Going Dutch

About the Dutch

Known world over for wearing orange from top to toe, and some startling headgear every time there is a national event, the Dutch are a very warm and welcoming folk.

On your visit to the Netherlands, you’ll also discover that the Dutch are an inquisitive, resourceful and forthright nation, while being friendly and fun-loving.

Going Dutch requires orange gear


Going Dutch -the birthday flag
The birthday flag is sure to be put up if people know it’s your birthday in the Netherlands.

If you learn one Dutch word then it should be this one: gezellig. It’s a hard word to translate into other languages, but conveys cosiness and conviviality. In social settings, the Dutch strive for the atmosphere to be gezellig, with everyone at ease and enjoying themselves. At informal gatherings people tend to talk about more personal topics. And although few topics are taboo, it is not very polite to show off.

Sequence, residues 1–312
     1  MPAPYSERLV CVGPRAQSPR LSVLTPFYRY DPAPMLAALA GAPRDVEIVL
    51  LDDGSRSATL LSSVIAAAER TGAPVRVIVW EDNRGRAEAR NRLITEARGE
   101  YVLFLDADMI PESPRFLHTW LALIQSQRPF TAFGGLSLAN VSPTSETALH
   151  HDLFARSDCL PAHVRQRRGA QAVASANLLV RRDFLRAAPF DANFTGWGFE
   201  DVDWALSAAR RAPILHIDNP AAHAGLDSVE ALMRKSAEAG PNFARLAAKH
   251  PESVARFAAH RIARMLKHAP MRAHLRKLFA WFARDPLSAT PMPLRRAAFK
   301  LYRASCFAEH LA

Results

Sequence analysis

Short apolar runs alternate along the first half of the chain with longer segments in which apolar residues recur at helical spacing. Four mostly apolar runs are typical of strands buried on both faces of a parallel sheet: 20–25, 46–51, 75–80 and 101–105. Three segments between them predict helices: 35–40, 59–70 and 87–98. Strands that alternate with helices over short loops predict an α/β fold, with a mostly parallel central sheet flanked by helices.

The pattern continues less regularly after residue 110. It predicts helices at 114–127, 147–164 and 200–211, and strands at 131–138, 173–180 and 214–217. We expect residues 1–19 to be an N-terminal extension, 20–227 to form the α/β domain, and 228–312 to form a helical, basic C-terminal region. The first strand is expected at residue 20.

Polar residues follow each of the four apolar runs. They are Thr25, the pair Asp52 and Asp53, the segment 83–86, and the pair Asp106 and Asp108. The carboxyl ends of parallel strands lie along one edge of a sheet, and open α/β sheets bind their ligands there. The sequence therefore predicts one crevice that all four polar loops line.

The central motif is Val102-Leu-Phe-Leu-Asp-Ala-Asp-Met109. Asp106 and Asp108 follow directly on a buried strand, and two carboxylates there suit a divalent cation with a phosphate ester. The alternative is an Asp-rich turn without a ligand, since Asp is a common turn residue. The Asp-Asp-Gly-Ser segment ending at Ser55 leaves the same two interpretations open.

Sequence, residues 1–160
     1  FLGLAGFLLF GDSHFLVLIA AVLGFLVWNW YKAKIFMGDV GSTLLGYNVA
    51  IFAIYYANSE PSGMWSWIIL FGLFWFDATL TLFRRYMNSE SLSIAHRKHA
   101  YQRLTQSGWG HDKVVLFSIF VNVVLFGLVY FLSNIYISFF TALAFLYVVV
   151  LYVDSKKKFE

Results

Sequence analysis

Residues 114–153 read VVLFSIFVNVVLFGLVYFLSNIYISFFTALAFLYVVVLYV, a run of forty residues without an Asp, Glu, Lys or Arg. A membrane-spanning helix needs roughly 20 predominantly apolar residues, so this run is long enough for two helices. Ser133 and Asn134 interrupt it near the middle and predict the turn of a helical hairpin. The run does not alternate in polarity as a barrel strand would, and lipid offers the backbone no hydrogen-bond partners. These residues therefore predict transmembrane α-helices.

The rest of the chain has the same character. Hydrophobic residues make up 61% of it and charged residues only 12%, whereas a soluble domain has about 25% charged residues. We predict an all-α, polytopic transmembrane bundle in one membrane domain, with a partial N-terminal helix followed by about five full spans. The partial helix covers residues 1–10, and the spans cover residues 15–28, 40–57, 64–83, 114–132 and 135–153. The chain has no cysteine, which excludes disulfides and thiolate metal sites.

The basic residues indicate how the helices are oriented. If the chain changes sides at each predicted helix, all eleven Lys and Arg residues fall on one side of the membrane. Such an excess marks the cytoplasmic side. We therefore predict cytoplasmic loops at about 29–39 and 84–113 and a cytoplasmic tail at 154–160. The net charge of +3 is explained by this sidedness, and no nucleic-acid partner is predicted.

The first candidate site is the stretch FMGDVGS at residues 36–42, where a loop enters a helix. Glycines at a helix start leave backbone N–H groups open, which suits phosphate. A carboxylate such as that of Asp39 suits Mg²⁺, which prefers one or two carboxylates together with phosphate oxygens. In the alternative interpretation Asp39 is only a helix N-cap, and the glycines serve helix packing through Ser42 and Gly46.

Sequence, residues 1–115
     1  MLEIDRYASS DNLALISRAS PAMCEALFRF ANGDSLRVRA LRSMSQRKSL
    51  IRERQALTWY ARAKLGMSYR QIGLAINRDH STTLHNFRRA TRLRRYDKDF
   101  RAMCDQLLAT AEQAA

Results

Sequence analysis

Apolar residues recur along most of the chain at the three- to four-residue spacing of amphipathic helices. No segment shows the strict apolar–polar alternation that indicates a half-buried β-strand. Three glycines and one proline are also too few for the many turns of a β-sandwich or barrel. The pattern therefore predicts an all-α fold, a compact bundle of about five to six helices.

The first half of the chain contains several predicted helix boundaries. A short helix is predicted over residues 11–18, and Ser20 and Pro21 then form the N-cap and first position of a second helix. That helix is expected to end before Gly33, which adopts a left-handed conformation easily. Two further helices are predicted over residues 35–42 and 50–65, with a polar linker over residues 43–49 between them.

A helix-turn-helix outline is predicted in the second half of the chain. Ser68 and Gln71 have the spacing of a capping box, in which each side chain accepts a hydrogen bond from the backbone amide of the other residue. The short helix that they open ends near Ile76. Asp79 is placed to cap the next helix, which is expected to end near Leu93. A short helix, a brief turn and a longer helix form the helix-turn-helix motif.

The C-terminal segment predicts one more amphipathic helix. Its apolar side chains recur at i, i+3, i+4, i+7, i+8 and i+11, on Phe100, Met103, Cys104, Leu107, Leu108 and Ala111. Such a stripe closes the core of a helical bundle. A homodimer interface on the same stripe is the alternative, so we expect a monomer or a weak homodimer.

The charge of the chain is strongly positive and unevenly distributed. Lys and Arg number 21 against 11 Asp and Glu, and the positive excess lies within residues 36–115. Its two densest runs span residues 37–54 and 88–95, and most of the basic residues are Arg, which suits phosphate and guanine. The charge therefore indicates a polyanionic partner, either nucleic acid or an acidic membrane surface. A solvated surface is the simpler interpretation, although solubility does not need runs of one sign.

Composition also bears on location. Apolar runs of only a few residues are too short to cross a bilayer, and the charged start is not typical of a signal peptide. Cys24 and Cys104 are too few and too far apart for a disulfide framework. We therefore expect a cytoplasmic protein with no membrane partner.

In Holland, peanut butter and milk are not only  consumed by children, but even by businessmen in suits! Hagelslag –chocolate sprinkles are eaten on bread by people of all ages. Lunch is usually a sandwich, washed down with buttermilk.  And dinner tends to be eaten early – get to Dutch restaurants around 19h30. Typical Dutch dishes include Hutspot – a dish of onions carrots and mashed potato, Erwtensoup  – pea soup and Andijviestamppot – mashed potato and chicory, often with sausage or bits of bacon. Pancakes are eaten either savoury or sweet – and are often a light weekend meal. Indonesian restaurants are very popular – and usually the fare is delicious!

Language matters

With  the Netherlands being such an open and internationally-orientated country, many Dutch people speak several languages. You’ll certainly be able to get by in English everywhere you go, but of course, people will be delighted if you try a few words of Dutch. This would be very gezellig indeed!